Anti-growth greens are out of favor in the U.S., according to the annual Gallup Environment/Earth Day poll. The poll has revealed a sharp and growing discontinuity in public opinion. Americans are considerably more negative about the quality of the environment in the United States. But those surveyed are also less likely to favor aggressive government action to correct these perceived environmental problems, less than a majority for the first time.
The percentage of people polled holding a negative view of the nation's environmental conditions jumped 24 percent, from 38 percent in 2002 to 47 percent this year. But despite this apparent concern, Gallup says one of the "most striking findings" in the poll comes when the same people are asked whether environmental protection or economic growth should be given priority when the two interests conflict. This year's results show the lowest percentage ever recorded of Americans choosing environmental protection since the question was first asked in 1984.
Only 47 percent of those surveyed favor protection of the environment, with 42 percent in favor of economic growth, whereas last year 54 percent opted for the environment and 36 percent for economic growth. Moreover, Gallup says this appears to be a trend, since through most of the 1990s the public sided with the environment over the economy by more than two to one. This consensus appears to have evaporated.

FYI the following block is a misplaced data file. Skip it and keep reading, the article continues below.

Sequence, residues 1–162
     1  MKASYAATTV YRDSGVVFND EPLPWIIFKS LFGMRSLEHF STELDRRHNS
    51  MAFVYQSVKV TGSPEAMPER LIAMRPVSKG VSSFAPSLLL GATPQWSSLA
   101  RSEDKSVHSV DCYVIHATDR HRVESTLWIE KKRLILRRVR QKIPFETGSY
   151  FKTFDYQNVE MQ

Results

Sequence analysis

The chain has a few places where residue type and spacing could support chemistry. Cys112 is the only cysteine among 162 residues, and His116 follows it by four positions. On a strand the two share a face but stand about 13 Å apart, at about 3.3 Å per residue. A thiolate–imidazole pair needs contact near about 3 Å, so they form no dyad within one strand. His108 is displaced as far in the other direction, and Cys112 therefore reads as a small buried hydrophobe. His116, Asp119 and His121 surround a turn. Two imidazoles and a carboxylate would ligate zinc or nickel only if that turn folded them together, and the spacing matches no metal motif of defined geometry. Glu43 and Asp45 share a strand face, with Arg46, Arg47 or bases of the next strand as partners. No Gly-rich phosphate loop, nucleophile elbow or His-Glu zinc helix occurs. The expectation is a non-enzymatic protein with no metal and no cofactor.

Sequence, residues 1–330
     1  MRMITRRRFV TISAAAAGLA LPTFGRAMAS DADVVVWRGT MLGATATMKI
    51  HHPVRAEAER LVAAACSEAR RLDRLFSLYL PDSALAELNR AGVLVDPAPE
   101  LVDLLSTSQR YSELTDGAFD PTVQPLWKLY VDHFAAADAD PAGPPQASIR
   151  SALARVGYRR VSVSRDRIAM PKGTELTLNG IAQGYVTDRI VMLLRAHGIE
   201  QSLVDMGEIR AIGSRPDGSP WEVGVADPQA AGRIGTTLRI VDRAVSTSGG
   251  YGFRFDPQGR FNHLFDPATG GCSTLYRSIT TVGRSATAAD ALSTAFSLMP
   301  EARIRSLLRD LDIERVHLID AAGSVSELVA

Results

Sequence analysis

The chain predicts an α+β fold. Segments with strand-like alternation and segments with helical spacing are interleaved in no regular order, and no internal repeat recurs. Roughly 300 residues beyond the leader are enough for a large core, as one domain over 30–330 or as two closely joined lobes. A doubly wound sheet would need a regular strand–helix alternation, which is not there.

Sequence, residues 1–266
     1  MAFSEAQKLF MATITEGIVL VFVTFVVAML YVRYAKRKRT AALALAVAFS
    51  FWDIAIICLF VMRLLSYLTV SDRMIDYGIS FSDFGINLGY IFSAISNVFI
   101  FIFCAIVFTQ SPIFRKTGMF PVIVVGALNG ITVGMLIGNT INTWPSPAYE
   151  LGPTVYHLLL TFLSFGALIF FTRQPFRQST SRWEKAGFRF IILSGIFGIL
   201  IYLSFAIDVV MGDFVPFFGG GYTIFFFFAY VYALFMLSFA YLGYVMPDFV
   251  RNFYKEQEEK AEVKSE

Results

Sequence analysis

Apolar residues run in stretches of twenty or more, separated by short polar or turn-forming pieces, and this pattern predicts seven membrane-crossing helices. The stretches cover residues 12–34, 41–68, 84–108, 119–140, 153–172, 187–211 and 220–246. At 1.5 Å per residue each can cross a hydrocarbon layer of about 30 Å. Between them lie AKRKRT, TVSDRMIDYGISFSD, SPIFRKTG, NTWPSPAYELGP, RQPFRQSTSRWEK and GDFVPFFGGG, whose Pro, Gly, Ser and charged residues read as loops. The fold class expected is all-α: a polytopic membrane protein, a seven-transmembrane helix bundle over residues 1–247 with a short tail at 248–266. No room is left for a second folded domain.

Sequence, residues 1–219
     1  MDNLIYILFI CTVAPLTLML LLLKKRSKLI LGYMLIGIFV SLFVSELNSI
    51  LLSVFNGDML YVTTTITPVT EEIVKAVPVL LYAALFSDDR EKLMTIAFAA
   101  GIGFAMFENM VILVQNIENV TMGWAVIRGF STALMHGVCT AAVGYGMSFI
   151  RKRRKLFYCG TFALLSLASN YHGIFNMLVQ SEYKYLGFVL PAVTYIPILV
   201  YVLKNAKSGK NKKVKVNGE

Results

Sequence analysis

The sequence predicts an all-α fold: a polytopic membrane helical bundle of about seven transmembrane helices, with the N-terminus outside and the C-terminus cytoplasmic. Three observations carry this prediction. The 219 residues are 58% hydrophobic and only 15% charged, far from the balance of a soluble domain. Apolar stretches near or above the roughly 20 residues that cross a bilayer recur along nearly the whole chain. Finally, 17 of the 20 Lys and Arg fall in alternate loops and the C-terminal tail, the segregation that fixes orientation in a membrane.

In related news, the International Brotherhood of Teamsters and the Council of Republicans for Environmental Advocacy have announced the formation of a new anti-green, pro-growth lobbying group -- he Labor Environment Alliance. Both groups have already lobbied strongly for oil drilling in the Arctic National Wildlife Refuge and against the Kyoto Protocol. LEA says that domestic energy production, air emissions reductions, brownfields redevelopment, and road construction will be priority issues. The group has announced support for the Bush administration's Clear Skies initiative to cut emissions from coal-fired power plants, something that has been sharply criticized by most green groups as too little and too slow.
Greens seem to think that the cost of GHG emission reductions is a benefit just because somebody gets the money.